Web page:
- The Washington Times - Sunday, June 5, 2011

Partnered with the player that was pulverizing the field - let alone the record book - Friday, James Hahn walked by the leader board screen and, despite the deepest desire to do so, tried his hardest not to look.

But Hahn was in the midst of witnessing fellow Nationwide Tour player Steve Wheatcroft trying to secure a score of 59; a feat only eight players have accomplished in the PGA history. So, naturally, curiosity won out.

“It gets to the point,” Hahn said Sunday, “where you peak at the leader board and see how many he’s leading by.”

Of course, Wheatcroft was leading by a long shot and, by the time he looked up, “I felt like I got lapped,” Hahn said. “And that’s not a good feeling.”

Yet it was a feeling felt by every golfer at the 2011 Melwood Prince George’s County Open. Wheatcroft so thoroughly dominated the field that those remaining were left to compete for the consolation.

“Everybody watches the scoreboard a little bit,” said second-place finisher Ryan Armour. “It seemed like everybody was playing for second.”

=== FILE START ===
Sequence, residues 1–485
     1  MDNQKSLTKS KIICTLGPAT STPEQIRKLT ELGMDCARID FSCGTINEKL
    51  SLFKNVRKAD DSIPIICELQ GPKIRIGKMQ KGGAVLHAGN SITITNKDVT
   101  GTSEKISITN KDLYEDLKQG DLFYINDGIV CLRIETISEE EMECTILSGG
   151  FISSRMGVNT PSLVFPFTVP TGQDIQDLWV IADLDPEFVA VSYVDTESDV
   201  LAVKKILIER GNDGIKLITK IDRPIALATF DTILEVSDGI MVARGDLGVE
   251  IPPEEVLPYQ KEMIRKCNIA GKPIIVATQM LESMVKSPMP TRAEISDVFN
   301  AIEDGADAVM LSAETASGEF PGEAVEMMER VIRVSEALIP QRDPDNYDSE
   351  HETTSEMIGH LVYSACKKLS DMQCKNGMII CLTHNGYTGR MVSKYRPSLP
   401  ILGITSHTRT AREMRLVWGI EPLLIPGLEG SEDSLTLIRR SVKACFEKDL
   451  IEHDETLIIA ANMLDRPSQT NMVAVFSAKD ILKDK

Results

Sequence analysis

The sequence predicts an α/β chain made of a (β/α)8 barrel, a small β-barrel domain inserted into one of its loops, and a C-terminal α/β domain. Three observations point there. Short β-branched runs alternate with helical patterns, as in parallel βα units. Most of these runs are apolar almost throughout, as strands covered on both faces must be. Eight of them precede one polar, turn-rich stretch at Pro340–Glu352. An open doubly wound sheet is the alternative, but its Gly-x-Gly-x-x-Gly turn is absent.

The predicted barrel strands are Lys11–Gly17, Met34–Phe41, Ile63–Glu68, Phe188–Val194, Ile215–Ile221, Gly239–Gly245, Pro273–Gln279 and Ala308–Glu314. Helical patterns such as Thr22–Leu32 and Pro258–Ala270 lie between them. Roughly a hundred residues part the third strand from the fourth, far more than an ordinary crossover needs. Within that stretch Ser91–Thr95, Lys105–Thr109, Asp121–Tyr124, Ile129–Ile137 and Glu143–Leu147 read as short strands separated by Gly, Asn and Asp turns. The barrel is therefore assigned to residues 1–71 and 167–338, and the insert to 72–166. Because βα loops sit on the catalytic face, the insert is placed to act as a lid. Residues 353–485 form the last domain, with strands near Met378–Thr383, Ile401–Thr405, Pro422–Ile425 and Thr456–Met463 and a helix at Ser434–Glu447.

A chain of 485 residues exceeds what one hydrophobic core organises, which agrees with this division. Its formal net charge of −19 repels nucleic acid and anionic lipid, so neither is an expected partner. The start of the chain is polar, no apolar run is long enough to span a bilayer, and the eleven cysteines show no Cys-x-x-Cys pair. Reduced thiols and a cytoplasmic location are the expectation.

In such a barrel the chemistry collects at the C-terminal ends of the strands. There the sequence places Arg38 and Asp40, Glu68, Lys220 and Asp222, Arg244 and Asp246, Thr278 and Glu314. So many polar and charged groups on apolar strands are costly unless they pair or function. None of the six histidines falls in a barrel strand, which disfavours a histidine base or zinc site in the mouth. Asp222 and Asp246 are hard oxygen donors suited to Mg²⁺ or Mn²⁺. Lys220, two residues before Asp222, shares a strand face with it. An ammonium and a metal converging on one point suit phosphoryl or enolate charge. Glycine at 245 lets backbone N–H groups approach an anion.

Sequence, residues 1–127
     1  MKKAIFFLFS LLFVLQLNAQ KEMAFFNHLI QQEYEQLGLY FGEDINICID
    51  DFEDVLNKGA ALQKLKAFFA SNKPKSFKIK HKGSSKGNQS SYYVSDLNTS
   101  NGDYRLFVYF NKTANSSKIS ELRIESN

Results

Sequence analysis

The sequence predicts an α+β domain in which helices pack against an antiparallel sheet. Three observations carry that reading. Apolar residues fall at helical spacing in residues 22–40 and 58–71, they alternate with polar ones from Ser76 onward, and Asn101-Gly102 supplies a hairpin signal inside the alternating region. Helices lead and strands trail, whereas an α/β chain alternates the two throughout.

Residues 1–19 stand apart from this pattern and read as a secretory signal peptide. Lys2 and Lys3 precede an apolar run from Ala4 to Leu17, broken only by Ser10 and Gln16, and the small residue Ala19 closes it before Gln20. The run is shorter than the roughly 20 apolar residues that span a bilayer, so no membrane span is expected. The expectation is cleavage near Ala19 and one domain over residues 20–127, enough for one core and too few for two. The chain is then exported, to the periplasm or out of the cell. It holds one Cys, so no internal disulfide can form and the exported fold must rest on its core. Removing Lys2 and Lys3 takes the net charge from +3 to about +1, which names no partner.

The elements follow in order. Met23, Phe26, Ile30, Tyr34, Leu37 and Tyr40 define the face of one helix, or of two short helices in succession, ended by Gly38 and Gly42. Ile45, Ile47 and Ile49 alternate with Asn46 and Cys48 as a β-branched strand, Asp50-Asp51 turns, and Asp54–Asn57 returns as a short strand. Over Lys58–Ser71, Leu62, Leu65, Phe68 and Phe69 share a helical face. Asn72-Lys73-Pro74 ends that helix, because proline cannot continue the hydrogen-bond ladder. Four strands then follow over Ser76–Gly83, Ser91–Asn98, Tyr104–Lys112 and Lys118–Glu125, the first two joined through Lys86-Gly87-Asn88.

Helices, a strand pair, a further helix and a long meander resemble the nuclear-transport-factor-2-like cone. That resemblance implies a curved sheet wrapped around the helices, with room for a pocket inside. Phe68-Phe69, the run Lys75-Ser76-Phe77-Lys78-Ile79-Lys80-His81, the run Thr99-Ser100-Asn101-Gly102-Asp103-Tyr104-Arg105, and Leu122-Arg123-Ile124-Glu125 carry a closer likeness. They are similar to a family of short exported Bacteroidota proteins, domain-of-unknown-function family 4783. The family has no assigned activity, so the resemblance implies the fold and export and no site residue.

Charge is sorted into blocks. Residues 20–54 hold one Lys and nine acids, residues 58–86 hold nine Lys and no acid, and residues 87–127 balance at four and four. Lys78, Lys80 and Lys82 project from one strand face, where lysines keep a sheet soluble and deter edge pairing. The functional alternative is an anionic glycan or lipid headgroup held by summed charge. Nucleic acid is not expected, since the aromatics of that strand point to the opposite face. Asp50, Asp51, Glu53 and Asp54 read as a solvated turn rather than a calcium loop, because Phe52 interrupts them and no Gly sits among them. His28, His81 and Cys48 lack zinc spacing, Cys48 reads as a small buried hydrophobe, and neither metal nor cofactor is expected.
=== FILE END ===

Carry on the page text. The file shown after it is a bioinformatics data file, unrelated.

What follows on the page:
And that brought an interesting dynamic to the final round of the fifth-year tournament: On a day that usually is reserved for strain and stress, most players were anything but.

“There is a little bit of relaxation out there,” said third-place finisher Jon Mills. “It’s just [about] matching guys around you and keep birdieing because everybody’s doing it, but not going to catch Steve.”

Indeed, no person in the Nationwide Tour’s 22-year history - which has included some 362 events - would have been able to catch Wheatcroft this weekend. He may have never won an event before this one, but his combined score of 255 nullifies the nearest all-time combined score by three strokes.

With that in mind, most players weren’t too disheartened that the Pennsylvania native had walked away with it.

“It didn’t make it any tougher,” said Matt Davidson, who finished tied for 19th. “Most people are just trying to do the best they can anyways and aren’t really worried about how far back you are until the back nine.”

Anyway, by the time they reached the back nine Sunday, the result seemingly was already rubber-stamped.

“He had one of those [rounds] where you look back at it and realize he got everything out of his round, everything,” said Hahn. “It was amazing to watch.”

And that’s what fellow Nationwide Tour golfers were made to do this weekend: watch.

“When I was a little kid I remember Mr. [Jack] Nicklaus, when he won the ‘86 masters he said, ‘I can’t affect what anybody else does. I can only affect what I do,’” Armour said. “After that, you just go out and try to get the ball in the hole as quick as you can.”

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